Using a new form of analysis, scientists have confirmed that North America's oldest petroglyphs are in Nevada's Winnemucca Lake. University of Colorado

North America’s oldest known rock carvings have been confirmed in northern Nevada.

Several boulders were found in the dry Winnemucca Lake with petroglyphs that are at least 10,500 to 14,800 years old, according a new analysis by the University of Colorado at Boulder. Located 35 miles northeast of Reno, the limestone rocks have carved out grooves and dots that form complex designs.

"We have no idea what they mean," CU-Boulder researcher Larry Benson said in a statement. "But I think they are absolutely beautiful symbols. Some look like multiple connected sets of diamonds, and some look like trees, or veins in a leaf. There are few petroglyphs in the American Southwest that are as deeply carved as these, and few that have the same sense of size."

The rock formations have been known for decades, but it was only with recent analysis that included finding the water level of the dried-up lake and carbon dating that it could be determined when the carvings were made.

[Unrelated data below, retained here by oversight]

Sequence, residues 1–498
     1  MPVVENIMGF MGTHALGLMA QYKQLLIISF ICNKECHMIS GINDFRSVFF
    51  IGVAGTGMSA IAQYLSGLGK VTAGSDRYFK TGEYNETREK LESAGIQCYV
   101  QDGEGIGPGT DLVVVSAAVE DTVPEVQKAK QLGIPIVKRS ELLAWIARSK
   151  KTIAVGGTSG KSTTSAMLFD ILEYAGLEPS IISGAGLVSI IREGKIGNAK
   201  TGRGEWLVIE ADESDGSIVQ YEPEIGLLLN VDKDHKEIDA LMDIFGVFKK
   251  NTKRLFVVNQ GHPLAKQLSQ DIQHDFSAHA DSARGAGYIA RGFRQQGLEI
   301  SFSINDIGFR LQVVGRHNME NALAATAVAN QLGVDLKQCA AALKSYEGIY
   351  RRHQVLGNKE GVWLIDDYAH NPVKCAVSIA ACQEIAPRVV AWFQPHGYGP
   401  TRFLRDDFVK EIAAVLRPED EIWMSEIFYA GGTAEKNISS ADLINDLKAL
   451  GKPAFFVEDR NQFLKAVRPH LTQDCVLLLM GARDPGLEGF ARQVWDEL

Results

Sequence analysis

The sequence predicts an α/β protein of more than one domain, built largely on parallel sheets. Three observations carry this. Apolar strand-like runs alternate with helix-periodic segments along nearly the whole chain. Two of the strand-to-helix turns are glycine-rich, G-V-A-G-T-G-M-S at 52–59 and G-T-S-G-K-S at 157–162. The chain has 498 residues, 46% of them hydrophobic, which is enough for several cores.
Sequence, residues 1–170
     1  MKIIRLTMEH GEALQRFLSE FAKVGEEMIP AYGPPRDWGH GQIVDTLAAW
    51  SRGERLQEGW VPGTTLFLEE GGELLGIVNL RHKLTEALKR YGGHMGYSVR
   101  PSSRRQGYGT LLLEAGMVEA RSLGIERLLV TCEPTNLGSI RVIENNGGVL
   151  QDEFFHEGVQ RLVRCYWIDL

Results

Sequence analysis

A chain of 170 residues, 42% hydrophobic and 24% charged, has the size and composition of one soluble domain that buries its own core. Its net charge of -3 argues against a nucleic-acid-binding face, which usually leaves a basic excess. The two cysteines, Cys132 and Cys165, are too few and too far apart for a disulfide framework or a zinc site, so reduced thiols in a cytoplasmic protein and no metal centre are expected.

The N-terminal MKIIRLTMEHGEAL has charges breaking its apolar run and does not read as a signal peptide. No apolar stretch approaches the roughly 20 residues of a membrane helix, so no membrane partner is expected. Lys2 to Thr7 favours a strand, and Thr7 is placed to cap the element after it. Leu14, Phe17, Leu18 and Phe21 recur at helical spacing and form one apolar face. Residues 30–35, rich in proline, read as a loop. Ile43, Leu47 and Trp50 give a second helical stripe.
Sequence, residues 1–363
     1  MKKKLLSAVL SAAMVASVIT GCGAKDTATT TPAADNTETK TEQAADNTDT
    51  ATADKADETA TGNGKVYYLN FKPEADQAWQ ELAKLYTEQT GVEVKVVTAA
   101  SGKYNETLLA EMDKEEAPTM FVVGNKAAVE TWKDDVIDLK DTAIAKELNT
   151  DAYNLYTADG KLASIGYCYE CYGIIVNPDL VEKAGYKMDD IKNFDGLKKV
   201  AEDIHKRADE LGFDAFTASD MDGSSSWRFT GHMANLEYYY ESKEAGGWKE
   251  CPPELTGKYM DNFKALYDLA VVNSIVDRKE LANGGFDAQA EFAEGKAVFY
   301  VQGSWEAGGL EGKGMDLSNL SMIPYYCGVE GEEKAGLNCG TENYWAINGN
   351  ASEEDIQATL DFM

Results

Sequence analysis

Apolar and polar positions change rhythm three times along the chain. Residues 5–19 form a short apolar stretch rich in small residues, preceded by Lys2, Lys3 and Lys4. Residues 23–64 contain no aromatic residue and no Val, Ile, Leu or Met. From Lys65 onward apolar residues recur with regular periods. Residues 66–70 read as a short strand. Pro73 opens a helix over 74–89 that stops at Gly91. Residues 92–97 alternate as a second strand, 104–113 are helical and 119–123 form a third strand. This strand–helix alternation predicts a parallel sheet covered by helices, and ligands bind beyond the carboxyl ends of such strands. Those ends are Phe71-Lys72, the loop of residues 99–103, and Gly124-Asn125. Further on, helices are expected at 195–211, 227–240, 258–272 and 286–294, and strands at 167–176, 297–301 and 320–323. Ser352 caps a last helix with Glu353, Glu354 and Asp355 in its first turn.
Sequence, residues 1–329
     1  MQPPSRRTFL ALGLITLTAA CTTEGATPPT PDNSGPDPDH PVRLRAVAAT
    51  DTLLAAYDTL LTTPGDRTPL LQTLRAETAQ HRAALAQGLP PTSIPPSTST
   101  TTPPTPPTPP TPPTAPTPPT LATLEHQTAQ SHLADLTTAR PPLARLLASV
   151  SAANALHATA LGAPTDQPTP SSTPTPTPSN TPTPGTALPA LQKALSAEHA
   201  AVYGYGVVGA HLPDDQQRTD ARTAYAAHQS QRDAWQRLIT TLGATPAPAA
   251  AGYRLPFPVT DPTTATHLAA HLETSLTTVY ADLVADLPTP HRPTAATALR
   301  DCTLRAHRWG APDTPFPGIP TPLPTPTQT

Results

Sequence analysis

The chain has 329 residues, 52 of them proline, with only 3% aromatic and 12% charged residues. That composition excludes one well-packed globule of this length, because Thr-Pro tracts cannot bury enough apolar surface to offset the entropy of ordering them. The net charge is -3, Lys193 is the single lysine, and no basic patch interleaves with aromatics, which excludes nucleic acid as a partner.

"Prior to our study, archaeologists had suggested these petroglyphs were extremely old," Benson said in a statement. "Whether they turn out to be as old as 14,800 years ago or as recent as 10,500 years ago, they are still the oldest petroglyphs that have been dated in North America."

In ancient times Winnemucca Lake was filled with water that would have submerged the petroglyphs. Researchers decided to find out when the boulders were above the water line, which would allow ancient people to draw carvings on them. Benson sampled a white layer of carbonate that coated the base of the boulders. Radiocarbon dating and geochemical data show the petroglyphs were exposed to air between 14,800 and 13,200 years ago and again between about 11,300 and 10,500 years ago.

The younger dates the scientists calculated with the boulders are aligned with the Spirit Man Cave, a cave 60 miles east of Reno that had the mummified remains of a man along with a fur robe, a woven marsh plant shroud and moccasins.

Until this discovery, to be published in the Journal of Archaeological Science, researchers held that the oldest rock carvings in North America could be found at Long Lake, Ore. The 6,700-year-old carvings were covered by ash after the Mount Mazama volcano erupted.